Why Hermitian instead of self-adjoint?

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We know in general a Hermitian operator is not guaranteed to have eigenvalues, but self-adjoint operator is(if I remember correctly). Then why we still claim all observables are hermitian instead of claiming them to be self-adjoint?
 

DrDu

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I think real observables corresponding at least remotely to what can be measured have to be bounded so that there is no difference as to whether we talk of them being hermitian and self-adjoint.
 
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Err, are you saying that all bounded self-adjoint operators are Hermitian? But last time I checked it's said any self-adjoint operator is Hermitian, but an Hermitian operator is not necessarily self-adjoint, because some subtle issues on the domain of the operator.

Edit: or are you saying all bounded Hermitian operators are self-adjoint? Anyway I wasn't thinking about the boundness, I was thinking about the domain issue.
 
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Also I'd like to know what is physically unacceptable about unbounded operator?
 

cgk

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In practice these issues are typically ignored, and calculations are done as if all the states in question could be expanded within a finite basis to any required accuracy (typically true). In that case the question of self-adjointness and hermicity becomes irrelevant. That is, in physics self-adjointness and hermiticity are usually used as interchangable terms.

In principle this interchangable use is wrong of course. There are plenty of observables which which have canonical definitions in terms of non-self-adjoint differential operators (think of momentum, kinetic energy, etc), which obviously have no eigenvalues or eigenvectors in the classical sense (but they do in a distribution sense, although this leads to other mathematical problems.) However, much of the physicists algebra can be transformed into more functional analytic concepts by transforming the relations involving the hermitian operators into other relations involving their resolvent. The latter can often be made compact (and by this self-adjoint) even if the original operator is not (e.g., relations involving differential operators could be transformed into equivalent relations involving integral operators, where the functional analysis is much more friendly). However, from the physical perspective, such transformations just make everything (look) more complicated without granting additional insight into the physical aspects of the problem. So there is little reason to do it.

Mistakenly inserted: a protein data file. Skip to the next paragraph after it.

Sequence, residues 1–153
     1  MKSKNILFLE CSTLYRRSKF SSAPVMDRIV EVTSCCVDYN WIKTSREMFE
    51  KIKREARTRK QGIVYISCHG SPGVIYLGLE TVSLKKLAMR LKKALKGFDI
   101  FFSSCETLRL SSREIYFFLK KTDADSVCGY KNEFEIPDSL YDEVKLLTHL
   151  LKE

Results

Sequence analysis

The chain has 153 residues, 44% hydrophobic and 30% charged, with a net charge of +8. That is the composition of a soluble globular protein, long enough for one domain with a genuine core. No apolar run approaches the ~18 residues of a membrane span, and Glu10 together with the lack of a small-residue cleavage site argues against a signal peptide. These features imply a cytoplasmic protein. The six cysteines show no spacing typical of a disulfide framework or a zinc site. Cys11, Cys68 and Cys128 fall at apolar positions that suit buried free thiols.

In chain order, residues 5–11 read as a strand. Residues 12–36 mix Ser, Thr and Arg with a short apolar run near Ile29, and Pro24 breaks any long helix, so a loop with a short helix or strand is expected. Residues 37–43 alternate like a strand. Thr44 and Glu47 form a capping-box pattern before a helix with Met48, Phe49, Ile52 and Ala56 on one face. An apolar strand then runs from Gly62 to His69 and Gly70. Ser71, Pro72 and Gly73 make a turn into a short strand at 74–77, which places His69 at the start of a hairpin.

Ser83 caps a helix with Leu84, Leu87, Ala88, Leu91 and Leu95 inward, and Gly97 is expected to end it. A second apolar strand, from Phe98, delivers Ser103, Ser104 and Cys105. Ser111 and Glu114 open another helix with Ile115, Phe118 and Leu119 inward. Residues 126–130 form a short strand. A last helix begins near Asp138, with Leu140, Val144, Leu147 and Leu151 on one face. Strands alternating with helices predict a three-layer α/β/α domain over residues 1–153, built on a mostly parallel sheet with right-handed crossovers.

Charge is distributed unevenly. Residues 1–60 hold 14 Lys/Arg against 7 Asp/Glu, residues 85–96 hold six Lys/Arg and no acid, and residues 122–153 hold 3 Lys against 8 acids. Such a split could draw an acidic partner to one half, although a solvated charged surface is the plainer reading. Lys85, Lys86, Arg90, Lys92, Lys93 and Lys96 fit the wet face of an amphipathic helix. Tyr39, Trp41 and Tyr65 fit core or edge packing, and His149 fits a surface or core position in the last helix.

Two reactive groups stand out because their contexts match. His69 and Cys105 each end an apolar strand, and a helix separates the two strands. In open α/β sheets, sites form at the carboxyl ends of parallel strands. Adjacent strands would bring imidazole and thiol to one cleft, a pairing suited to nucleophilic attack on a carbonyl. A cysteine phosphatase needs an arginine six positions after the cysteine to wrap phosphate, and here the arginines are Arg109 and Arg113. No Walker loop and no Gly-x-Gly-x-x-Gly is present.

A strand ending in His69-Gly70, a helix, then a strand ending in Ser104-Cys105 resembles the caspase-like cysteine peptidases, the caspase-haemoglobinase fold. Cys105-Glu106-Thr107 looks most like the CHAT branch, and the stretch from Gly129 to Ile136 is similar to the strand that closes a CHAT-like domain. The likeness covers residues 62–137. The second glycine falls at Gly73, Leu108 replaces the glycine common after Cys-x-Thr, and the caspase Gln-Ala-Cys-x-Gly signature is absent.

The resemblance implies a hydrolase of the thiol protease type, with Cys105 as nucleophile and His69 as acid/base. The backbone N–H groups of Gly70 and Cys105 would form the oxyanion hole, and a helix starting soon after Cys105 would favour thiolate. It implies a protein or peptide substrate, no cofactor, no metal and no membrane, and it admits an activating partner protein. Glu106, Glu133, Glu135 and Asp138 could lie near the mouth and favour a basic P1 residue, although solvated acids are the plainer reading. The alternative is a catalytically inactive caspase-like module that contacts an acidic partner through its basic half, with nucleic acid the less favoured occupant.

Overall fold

The best approach really usually is "treat everything as if it could be expanded within a finite basis to any desired accuracy" unless you have very good reason to suspect that this would not work.
 

A. Neumaier

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I think real observables corresponding at least remotely to what can be measured have to be bounded so that there is no difference as to whether we talk of them being hermitian and self-adjoint.
Indeed for bounded operators being Hermitian and being self-adjoint is equivalent.

But most observables appearing in the theory of QM or QFT are unbounded - position, momentum, angular momentum, energy, boost generators, (smeared) values of bosonic quantum fields, etc..

With your ''simplification'', all these are deprived of the status of being observable, and only messy ''observables'' without a nice theoretical description are left.

The importance of the distinction of being Hermitian and being self-adjoint lies in the fact that it is needed for those observables that figure in the theoretical equations (i.e., all those mentioned above).

On the importance to distinguish between hermiticity and self-adjointness see